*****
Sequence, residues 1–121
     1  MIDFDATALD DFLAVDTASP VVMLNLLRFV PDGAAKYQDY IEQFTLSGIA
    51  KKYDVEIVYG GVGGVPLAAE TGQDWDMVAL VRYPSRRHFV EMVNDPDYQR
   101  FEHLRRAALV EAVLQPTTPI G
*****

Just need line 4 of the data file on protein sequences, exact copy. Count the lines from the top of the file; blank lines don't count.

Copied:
   101  FEHLRRAALV EAVLQPTTPI G